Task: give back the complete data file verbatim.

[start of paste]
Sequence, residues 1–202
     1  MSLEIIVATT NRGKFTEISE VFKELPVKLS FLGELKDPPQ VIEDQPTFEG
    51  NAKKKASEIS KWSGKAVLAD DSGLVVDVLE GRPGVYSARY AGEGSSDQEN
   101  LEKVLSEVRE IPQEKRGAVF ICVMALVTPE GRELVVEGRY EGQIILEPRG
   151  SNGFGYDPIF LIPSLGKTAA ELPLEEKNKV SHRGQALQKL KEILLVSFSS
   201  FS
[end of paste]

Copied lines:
Sequence, residues 1–202
     1  MSLEIIVATT NRGKFTEISE VFKELPVKLS FLGELKDPPQ VIEDQPTFEG
    51  NAKKKASEIS KWSGKAVLAD DSGLVVDVLE GRPGVYSARY AGEGSSDQEN
   101  LEKVLSEVRE IPQEKRGAVF ICVMALVTPE GRELVVEGRY EGQIILEPRG
   151  SNGFGYDPIF LIPSLGKTAA ELPLEEKNKV SHRGQALQKL KEILLVSFSS
   201  FS